Fluvanna Review

Comedian Sid Davis will perform in Fluvanna on Oct. 20.The Fluvanna Arts Council’s 14th season is moving in a new direction, bringing in more local talent, some familiar favorites and some newcomers and lower ticket prices. Kicking off the 2012-2013 season on Oct. 20 is comedian Sid Davis from North Carolina. Davis’ act is described as family-friendly fun and invigorating. Davis pokes fun at everyday events and keeps audiences rolling with laughter. Add a comment

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Emergency Services Coordinator Cheryl Wilkins.  File PhotoFluvanna County could be billing for ambulance transport as soon as July.
The Board of Supervisors directed staff Wednesday evening (Jan. 21) to develop a few different versions of a cost recovery program to recoup some of the expenses involved in providing ambulance transport to people within the county.
Fire and rescue operations come at a tremendous cost to the county – $1.83 million in fiscal year 2015 (FY15) and possibly $2 million in FY16, said Emergency Services Coordinator Cheryl Wilkins. A cost recovery program could bring in between $600,000 and $700,000 per year, Wilkins said, though she stressed the uncertainty of the estimate. A loaded mile cost, or a charge per mile driven with a patient in the ambulance, could recoup another $350,000 to $400,000 yearly.
Many counties have implemented cost recovery programs, said Wilkins, including Albemarle, Louisa, Nelson, and Goochland. Since cost recovery programs can be structured in many different ways, a Fluvanna work group studied the issue prior to developing a recommended path forward.
The work group recommends a “compassionate billing” approach to cost recovery. In compassionate billing, insurance companies are billed for ambulance transport, and then everyone – insured and uninsured alike – receives a balance bill. Hardship waivers are available for those who can’t afford to pay, and collections take a “soft” approach. Patients typically receive three bills, but then unpaid amounts are forgiven.
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Members of the Fluvanna Fire and Rescue Association (FRA) sat down with the Fluvanna County Board of Supervisors Wednesday night (Jan. 21) to deliver the unwelcome news that the FRA has been unable to determine how to handle the Fluvanna County rescue crisis.
Emergency Services Coordinator Cheryl Wilkins presented three paths of action. Most agreed that option one – maintain status quo – was not a viable choice given that Fluvanna Rescue has only four or five active members. But opinions diverged widely over option two – have Fluvanna Fire absorb Fluvanna Rescue and become Fluvanna Fire and Rescue – and option three – have Lake Monticello Rescue take over all rescue operations in the county. Some disliked all three choices.
Much of the conflict stems from deeply-held loyalties for different areas of the county and a passion for beloved methods of operation. Given that all of fire and rescue services in the county, excepting the current rescue contract crew, are provided by much-needed volunteers, sensitivity to and respect for the persuasions of volunteers is mandatory for county decision makers.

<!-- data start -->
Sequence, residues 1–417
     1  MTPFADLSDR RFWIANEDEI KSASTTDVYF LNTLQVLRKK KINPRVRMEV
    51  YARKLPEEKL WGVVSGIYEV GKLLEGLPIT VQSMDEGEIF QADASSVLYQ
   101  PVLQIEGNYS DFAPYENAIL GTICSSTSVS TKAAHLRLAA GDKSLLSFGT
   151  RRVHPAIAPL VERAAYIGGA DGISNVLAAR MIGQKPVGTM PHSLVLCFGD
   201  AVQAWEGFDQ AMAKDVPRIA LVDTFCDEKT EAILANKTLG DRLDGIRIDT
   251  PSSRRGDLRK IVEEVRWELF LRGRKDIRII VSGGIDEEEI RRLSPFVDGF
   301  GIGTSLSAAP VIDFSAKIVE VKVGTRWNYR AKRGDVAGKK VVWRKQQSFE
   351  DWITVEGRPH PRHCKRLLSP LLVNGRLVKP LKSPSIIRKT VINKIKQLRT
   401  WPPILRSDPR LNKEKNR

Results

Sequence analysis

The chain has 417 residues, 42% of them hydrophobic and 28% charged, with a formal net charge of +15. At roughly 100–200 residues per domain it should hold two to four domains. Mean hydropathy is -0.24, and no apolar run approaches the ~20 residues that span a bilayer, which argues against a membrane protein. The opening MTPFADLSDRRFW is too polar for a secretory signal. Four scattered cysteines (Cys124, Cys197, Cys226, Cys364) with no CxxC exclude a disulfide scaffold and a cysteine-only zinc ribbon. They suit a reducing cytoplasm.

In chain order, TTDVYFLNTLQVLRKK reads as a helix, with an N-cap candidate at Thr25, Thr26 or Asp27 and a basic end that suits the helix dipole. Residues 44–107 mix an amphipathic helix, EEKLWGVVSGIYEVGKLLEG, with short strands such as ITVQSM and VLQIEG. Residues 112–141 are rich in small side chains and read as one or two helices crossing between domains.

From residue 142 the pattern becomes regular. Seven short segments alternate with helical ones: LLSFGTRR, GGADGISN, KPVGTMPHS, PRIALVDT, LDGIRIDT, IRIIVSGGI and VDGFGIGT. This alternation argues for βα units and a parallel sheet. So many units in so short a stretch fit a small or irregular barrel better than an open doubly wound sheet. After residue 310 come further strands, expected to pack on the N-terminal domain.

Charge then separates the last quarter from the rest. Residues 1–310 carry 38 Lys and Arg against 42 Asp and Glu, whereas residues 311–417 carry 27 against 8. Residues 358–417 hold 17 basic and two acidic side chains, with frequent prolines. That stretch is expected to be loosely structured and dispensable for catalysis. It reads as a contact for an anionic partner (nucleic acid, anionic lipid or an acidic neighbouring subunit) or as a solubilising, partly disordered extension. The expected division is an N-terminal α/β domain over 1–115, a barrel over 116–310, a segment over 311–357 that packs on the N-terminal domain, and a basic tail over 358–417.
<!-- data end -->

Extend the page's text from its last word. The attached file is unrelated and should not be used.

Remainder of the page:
On Dec. 3 supervisors tasked FRA with finding a solution to the rescue crisis within 60 days. At first the FRA asked Lake Monticello Rescue to put together a plan detailing an absorption of Fluvanna Rescue, Wilkins said, but in subsequent meetings option two started making a comeback.
“There’s not consensus either way,” said Supervisor Mike Sheridan.
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It was opening day at the Fluvanna Farmers Market on April 3. Once again the people of Fluvanna can buy truly locally grown fresh produce where the person they meet is the person who grew it. 
We are pretty strict about that. Co- manager Jutta Glasscock visits farms to be sure, if they say they grew it, they did!  We are unique among markets and CSA’s – where sometimes produce is purchased regionally for resale.

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 The general category winner was Steve Nichols. Photo by Christina Dimeo GusemanOver 200 people packed the Fluvanna County Public Library on Saturday (Jan. 24) to find out who won the Market Fluvanna contests.
Sipping punch and munching on cookies baked by the culinary arts students at the high school, adults sat shoulder to shoulder while many kids plopped onto the floor up front, eager for a better view. Along the edges of the room were tables filled with artwork submissions from schoolchildren, and adult entries of photographs and graphic art hung on the walls.
The crowd laughed over and over as County Administrator Steve Nichols played winning video submissions filled with cute kids – singing songs, dancing around, or simply declaring Fluvanna “awesome.”
Nichols told the gathered crowd that the contests received 175 “amazing” entries from senior citizens down to preschool-aged children. The county will be able to use the entries in business and community marketing, he said, to attract new businesses and homeowners.
First Nichols announced the winners of the I Love Fluvanna contest, who received certificates, a Fluvanna window cling, and a cash prize. In the school age divisions four videos and two pieces of artwork took top prizes. A video, a book, and an art project won first place in the slots for “best in category.”
In the general category, Nichols himself took first prize for his Luv Fluvanna design. After the presentation Nichols explained his inspiration for the project: “I was driving when I suddenly said, ‘You know what? Fluvanna’s got L-U-V in it.’” After creating mock-ups of his design in different colors, he gave it over to the county to own.
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